I recently gave a presentation called “Difficult Interactions in Clinical Settings” and, in that talk, made a comment about how, in Western medicine, we often focus on the Physical Thing and do not attend to the Psychological Things. Physical Things often affect Psychological Things (and vice versa) and sometimes the Psychological Things cause more distress than the Physical Thing.
This is one reason why some (many?) people don’t like to take medicine, even for chronic conditions that will get worse without treatment. This is especially true when people have limited to no symptoms. If people hold the idea that they are healthy, the act of taking medicine is a direct contradiction to this idea. If you are sick, then why do you feel fine? does that mean that your illness might get worse? that you might die from this illness? This fear—this Psychological Thing—is compelling enough to chase people away from health care of any flavor: If no one tells me that there is something wrong with me, then there is nothing wrong with me. (Even this framing of “wrong” is interesting: Is illness “wrong”?)
Psychological Things often drive behavior, though the engine might seem like a tangible, Physical Thing, like money or power. We also rarely escape our own Psychological Things, even if we are able to name it, greet it warmly, and understand how it makes things difficult for us. (“Insight alone does not result in behavior change.”)
Sometimes, when we cannot escape our own Psychological Things, our inability to face and embrace these Things spills out for the rest of the world to see. Sometimes this makes us write 14-page letters.
Relationships, specifically those involving platonic or romantic love, while meaningful and rewarding, can also be challenging. It requires spending time and energy considering what floats your boat, as well as what floats the other person’s boat. It is hard to think about what floats someone else’s boat when your boat feels like it is constantly sinking.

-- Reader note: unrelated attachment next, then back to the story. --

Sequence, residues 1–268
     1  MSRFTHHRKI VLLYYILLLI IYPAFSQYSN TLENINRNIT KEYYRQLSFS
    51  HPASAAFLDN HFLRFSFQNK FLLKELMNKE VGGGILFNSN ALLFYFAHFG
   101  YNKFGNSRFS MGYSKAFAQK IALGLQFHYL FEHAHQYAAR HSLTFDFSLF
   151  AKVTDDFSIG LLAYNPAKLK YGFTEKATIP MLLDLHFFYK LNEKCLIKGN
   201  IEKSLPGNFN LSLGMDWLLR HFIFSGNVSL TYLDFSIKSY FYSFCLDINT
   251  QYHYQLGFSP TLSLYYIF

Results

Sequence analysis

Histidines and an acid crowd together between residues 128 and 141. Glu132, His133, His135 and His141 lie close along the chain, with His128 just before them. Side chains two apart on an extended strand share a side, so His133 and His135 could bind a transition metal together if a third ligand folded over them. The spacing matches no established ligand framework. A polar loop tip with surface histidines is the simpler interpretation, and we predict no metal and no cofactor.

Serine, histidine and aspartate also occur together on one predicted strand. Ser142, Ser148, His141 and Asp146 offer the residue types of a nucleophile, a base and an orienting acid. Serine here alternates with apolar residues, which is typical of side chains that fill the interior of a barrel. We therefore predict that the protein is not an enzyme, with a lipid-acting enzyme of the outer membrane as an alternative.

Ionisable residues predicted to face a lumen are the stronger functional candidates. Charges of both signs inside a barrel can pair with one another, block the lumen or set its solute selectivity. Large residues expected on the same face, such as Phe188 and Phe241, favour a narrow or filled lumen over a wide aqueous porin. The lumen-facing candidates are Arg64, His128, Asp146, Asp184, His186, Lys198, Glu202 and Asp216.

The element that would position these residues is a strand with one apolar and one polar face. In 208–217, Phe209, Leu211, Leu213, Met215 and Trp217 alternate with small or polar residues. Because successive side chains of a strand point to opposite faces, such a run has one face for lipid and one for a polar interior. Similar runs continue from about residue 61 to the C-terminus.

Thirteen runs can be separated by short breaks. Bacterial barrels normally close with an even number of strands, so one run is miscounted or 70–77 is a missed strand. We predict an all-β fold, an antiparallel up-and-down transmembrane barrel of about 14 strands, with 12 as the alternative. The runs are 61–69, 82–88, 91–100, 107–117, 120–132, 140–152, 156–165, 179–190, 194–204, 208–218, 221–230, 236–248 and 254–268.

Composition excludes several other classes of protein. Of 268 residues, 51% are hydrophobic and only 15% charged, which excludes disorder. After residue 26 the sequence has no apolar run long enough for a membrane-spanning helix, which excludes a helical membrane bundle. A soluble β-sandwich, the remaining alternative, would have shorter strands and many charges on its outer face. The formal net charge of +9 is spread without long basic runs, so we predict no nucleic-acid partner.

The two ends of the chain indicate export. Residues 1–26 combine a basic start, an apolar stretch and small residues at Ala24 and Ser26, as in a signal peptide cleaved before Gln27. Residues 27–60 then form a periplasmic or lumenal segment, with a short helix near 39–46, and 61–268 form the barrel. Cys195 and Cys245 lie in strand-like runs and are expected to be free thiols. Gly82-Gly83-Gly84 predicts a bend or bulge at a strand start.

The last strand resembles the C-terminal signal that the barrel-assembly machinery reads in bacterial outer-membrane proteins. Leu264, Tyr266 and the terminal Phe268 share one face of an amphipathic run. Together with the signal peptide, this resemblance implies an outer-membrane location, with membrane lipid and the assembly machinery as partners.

Sometimes things will happen, though, that bring buoyancy to your boat, things that are immediate, measurable, and seemingly indisputable. Thousands of people chanting in a national park? Millions of ballots with notations next to your name? A chart with ratings from a television program? These are concrete, Physical Things.
Consider the fuzzy factors in Psychological Things: How amorphous they are! How much do you love your children? Is your spouse actually devoted to you? How do you know that your friends actually care about you? None of these are iron anchors that will bring you confidence in who or where you are; they are unreliable, invisible winds that you cannot control. The winds might help you, but they might also strand you.
The boat seems to sink faster when you lack esteem and respect for yourself. When you are uncertain about who you are and your status among people, how are you supposed to trust and respect uncertain forces like the wind?
Power and authority confer Physical Things, but these Physical Things cannot fill the gaping wound(s) left behind from the Psychological Things.
Who are you if you don’t have a title? Do you exist if no one is paying attention to you? What is your identity if no one tells you who you are?
How do you tolerate silence? What are your thoughts when you are by yourself? What if you can’t tolerate your own thoughts about yourself?
(Who are you between your thoughts?)
Maybe write a letter. Letters and words and sentences on paper are Physical Things. Letters are immediate, measurable, and seemingly indisputable. Make them see and respect you when you can’t see and respect yourself. When they react, you might know that you still exist, that your boat is still afloat.